MIDLAND, Texas — In a faded West Texas town dotted with vacant buildings and potholed streets is a sparkling storefront window and a curious display: rows of diamond-studded Rolex watches, awaiting buyers whose pockets are packed with oil money.
The surge in oil drilling has drawn money and men like a magnet to run-down communities that haven’t seen a boom since the 1980s.
But leaders and residents here are increasingly mindful that the runaway riches tapped by hydraulic fracturing will eventually run out. And they are determined to live by a fondly remembered bumper sticker from the last bust: Please, God, give me another oil boom and I promise not to blow it. So some towns are taking steps to ensure they land softly rather than crash into economic ruin.
‘‘Don’t go overboard. It’s not going to last,’’ Midland Mayor Wes Perry wants to shout, as a reminder to his own neighbors and a warning to communities in Pennsylvania and elsewhere that have never boomed like this, let alone endured a bust on par with the one Texas experienced a generation ago.
For now, Midland is the picture of prosperity. Since 2008, sales tax revenues have shot up from $24 million a year to more than $38 million in 2013. The unemployment rate is the lowest in Texas, hovering just above 3 percent. The town has hundreds of unfilled jobs.
A local Subway pays $15 an hour with a $1,000 starting bonus. Housing is so scarce that modest hotel rooms go for $300 a night.
This, longtime residents know, is what an oil boom looks like. And it’s always been followed by a steep, painful decline.
When the energy market finally fades, the town wants to avoid being burdened with crushing debt or too many employees. So sales tax revenue is used only for one-time projects, such as street repairs. Police officers are hired piecemeal, two or three a year, as the population increases.
Instead of using municipal money to lure an investor to build a proposed high-rise project, the city will instead provide an 80 percent tax break on revenues for five years.
‘‘Companies don’t screw up in bad times. They screw up in good times. Same for cities,’’ Perry said.
That lesson was learned a generation ago. Midland and Odessa, along with parts of North Dakota, boomed in the late 1970s. The windfall enabled people to buy jets and Rolls-Royces and build mansions and lakefront homes. Then in the early 1980s, the bottom fell out of the oil barrel.
The same people went bankrupt. Home foreclosures skyrocketed. Banks failed. People moved away. Homes and downtown buildings were abandoned.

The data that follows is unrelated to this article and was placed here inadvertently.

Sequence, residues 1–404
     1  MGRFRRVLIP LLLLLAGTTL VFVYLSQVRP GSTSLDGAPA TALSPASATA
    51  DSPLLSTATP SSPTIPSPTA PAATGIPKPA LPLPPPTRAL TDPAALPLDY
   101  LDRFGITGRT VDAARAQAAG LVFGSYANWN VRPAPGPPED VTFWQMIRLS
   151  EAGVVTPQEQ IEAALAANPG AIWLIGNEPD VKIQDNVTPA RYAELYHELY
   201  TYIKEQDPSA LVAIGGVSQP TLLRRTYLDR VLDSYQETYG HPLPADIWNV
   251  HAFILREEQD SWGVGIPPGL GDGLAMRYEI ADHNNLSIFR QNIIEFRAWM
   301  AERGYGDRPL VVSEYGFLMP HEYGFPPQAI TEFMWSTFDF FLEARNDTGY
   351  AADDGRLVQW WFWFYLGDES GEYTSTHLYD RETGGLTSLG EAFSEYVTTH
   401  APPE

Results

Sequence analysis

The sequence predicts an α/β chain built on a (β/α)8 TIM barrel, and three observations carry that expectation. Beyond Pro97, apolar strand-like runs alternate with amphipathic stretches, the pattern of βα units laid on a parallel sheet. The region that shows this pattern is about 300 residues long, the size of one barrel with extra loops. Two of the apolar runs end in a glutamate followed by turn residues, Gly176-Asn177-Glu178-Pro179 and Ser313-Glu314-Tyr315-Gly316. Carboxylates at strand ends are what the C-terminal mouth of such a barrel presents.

‘‘It was awful to live through that,’’ the mayor said, recalling ‘‘Black Friday’’ — Oct. 14, 1983. That is the day the First National Bank of Midland, which loaned money so people could finance lavish lifestyles, collapsed under the weight of a plummeting oil market. The ‘‘majors’’ — or big oil companies — fled for greener pastures abroad.
The most recent boom has largely been ushered in by new hydraulic fracturing technologies combined with horizontal drilling. Those systems allow once out-of-reach oil and gas to be extracted from rock.
The big boys are back, and Midland and Odessa have seen their populations rise by at least 10 percent since 2010, not counting all those living in trailers or trucks.
It’s the newcomers, suddenly earning $2,000 and more a week, who are spending, said Judy Farris, general manager of The Bar in Midland and a lifelong resident.
‘‘You can tell the difference between the people who have been here and been through it and those that haven’t,’’ said the 58-year-old.
Rolls-Royce hasn’t reopened its dealership. There aren’t as many mansions going up. And Perry is taking heat for offering tax breaks for the proposed high-rise.
‘‘They’ve been through this before. They believe when this happens, the bust is upon us,’’ Perry said.
Just ask those in North Dakota’s oil patch. Williston, in the heart of the Bakken shale petroleum reserves, was left in the 1980s with $28 million in debt and saddled with abandoned trailer parks.
But now the state leads the nation in population growth, boasts a nearly $2 billion budget surplus, and has the lowest jobless rate in the nation, as well as 21,000 unfilled positions. A study released in July estimates Williston’s population has doubled since the 2010 census to between 25,000 and 33,000 people. And that may not account for all those in ‘‘man camps,’’ the hastily built communities of tents and trailers that house thousands of oil workers.
Mayor Ward Koeser believes the city is doing a better job than it did in the 1970s.
‘‘The big thing is it’s given us opportunity,’’ he said. ‘‘We were too small and too remote to make things happen without it.’’
Some decisions, however, indicate memory may be short. Williston is building a community center so large a Walmart Supercenter could fit inside. Funded by the city’s sales tax collections, it will have an Olympic-size swimming pool, basketball and tennis courts, a running track, a golf simulator and other features. It’s designed to keep oilmen busy when they aren’t working and encourage their families to move in, Koeser said.
For Midland and Odessa residents, such projects run the risk of becoming vacant symbols of boom-time mistakes.
Larry Melton, the former mayor of Odessa who stepped down in November after 12 years, says homes have to be built. Schools must expand. Police officers need to be hired. Road and infrastructure improvements can be delayed for only so long.
And yet, a good plan needs to consider the future, too, he said.